Make a Domestic Violence Safety Plan by Considering the Following

 

On the internet:

I’ll click the gold HIDE PAGE button at the top of the Hope House homepage to be taken to a safe website if my abuser enters the room while I’m visiting hopehouse.net.

I’ll be aware of the fact that my online activities are potentially being monitored.

I am aware that an abuser doesn’t need to be a computer programmer or have special skills to monitor my computer and internet activities.

I will use a safe computer at the public library or a trusted friend’s home to research an escape plan, look for new jobs or apartments, purchase bus tickets, or seek help.

I will make sure to say no if my email provider wants to save my password or keep me logged in locally.

I will choose passwords that are not easy to guess.

I will call the hotline (816-461-4673) if I’m in danger. I can call it if I need shelter, assistance with safety planning, or somebody to talk with.

I will save emails or messages that can serve as evidence of abuse.

 

At work:

I can tell my boss and the security supervisor about my situation.

I can ask a supervisor or co-worker to screen my calls and visitors at work.

I can ask a supervisor, co-worker, or other trusted person to walk with me to my car.

I can change my patterns such as using different transportation, changing my route, or changing my work schedule/location if needed.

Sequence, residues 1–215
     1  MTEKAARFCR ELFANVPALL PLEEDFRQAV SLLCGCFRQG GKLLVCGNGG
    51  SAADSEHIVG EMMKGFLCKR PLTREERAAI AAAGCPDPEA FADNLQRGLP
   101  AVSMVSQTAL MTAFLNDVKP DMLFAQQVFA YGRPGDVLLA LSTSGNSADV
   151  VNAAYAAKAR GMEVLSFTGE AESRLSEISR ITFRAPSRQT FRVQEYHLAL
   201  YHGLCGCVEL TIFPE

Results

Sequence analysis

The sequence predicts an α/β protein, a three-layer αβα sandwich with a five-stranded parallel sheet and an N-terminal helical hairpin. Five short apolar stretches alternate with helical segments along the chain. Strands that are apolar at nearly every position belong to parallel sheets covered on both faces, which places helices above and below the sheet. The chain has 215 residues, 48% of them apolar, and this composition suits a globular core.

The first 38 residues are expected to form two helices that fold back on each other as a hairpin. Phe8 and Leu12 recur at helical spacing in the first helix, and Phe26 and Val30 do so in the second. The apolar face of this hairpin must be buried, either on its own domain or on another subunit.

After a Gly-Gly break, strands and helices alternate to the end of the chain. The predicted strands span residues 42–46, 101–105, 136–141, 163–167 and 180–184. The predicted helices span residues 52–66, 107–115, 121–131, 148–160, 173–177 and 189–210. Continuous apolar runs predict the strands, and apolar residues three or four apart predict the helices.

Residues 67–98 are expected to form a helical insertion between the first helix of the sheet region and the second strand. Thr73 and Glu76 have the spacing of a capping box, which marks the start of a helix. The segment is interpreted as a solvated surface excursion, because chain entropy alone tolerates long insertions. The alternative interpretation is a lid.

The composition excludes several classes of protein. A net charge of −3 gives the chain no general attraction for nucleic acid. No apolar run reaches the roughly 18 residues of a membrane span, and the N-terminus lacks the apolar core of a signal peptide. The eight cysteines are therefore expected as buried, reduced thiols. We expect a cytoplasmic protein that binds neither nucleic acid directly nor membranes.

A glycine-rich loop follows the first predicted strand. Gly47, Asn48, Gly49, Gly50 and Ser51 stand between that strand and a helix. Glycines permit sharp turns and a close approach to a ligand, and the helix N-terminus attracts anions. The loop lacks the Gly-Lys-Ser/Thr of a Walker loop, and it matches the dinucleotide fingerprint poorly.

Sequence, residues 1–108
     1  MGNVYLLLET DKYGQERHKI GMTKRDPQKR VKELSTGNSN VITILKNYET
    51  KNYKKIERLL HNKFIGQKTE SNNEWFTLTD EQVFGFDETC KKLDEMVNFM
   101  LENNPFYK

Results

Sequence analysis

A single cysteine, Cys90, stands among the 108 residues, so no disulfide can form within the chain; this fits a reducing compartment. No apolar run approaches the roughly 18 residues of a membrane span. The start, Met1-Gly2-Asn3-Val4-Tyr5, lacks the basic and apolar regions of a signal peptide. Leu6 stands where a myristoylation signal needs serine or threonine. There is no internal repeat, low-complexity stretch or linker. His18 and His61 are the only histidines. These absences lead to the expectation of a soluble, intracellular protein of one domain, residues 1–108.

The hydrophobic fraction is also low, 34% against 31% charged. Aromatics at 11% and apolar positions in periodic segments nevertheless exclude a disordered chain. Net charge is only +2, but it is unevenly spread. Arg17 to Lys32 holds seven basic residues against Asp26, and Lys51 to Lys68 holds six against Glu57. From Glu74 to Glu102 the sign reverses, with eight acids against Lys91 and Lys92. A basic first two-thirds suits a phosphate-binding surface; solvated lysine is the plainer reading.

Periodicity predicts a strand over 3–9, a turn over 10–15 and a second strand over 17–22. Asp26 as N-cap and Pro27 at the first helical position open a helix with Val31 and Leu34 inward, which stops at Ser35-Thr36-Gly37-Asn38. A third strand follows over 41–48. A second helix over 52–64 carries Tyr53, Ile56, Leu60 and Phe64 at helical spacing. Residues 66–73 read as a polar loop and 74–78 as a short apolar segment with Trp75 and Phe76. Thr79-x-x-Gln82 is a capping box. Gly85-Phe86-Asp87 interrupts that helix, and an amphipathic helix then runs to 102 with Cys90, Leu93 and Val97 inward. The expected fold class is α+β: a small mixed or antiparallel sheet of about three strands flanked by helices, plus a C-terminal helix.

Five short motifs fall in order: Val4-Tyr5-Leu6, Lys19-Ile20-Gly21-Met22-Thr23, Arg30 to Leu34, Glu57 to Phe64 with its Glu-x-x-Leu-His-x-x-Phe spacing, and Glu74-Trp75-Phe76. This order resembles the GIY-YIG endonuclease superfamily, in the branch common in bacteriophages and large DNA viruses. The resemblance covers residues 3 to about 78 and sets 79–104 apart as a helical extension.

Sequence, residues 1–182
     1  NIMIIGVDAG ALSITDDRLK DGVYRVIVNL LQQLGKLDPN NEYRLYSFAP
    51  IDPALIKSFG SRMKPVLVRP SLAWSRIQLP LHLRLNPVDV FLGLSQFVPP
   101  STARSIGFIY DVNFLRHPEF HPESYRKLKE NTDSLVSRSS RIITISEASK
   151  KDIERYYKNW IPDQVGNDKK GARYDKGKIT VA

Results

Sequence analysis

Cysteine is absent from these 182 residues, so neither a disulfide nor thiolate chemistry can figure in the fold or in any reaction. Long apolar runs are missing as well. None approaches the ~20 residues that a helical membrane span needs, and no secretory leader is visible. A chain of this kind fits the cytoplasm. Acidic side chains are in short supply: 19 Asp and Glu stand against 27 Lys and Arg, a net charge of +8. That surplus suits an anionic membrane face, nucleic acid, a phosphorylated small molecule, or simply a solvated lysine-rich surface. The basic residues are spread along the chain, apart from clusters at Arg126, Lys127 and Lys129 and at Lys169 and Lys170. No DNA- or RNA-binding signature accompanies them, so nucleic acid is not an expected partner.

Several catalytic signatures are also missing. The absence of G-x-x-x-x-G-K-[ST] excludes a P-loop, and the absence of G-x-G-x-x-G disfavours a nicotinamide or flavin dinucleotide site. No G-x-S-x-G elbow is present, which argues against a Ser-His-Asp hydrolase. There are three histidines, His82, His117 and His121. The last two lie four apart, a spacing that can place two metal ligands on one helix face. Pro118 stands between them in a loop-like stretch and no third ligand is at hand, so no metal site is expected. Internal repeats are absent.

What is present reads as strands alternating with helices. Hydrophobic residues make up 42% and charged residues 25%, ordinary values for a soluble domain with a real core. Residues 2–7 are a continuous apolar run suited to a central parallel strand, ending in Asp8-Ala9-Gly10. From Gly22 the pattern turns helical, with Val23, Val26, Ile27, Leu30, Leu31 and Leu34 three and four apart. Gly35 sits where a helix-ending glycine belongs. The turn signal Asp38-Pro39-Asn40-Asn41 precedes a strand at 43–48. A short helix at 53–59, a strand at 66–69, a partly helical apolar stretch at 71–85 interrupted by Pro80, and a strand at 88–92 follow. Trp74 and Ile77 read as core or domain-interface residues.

In public or if being stalked:

If I think I am in danger, I will find a safe place for myself (police stations, family or friends’ homes, domestic violence shelters, churches, public areas).

I can document my abuser’s actions and keep the information in a safe place. This may include taking photos of destroyed property/vandalism, saving voicemail messages, keeping letters/notes, etc.

I can change my patterns — avoid stores, restaurants, and other places where my abuser might find me.

I can tell trusted friends and family about the situation and give them a photo or description of my partner and any possible vehicles he/she may drive.

When I am out of the house, I will try not to travel alone and will try to stay in public areas. I can ask my local domestic violence shelter to provide me with a 911 cell phone.

 

With an order of protection:

I will keep my protection order in my purse or on my person.

I will give a copy to my employer, my closest friend, and my children’s school/day care provider.

If my partner/abuser destroys my order or if I lose it, I will get another copy from the court that issued it.

If my abuser violates the order, I can call the police and report it. I can contact the adult abuse office during business hours for help in knowing if my order was served.

 

If choosing to stay/return:

I can tell a neighbor, friend or relative about the violence and request they call the police if they hear concerning noises coming from my home.

I can teach my children how to use the telephone to contact the police and fire departments and how to contact a safe neighbor for help. I will make sure my children know our address.

I will use a code word to signal to my children or friends to call for help or to signal that we will be leaving.

If I have to leave home, I can go to the police station, hospital, a friend or family’s home, or other safe place.

I can call 911 from a cell phone, even if it isn’t active on a plan.

 

Evaluate your options:

I will be smart about whom I trust with information about my situation.

I will review my safety plan for domestic violence with my kids, family, and friends and keep it in a safe place.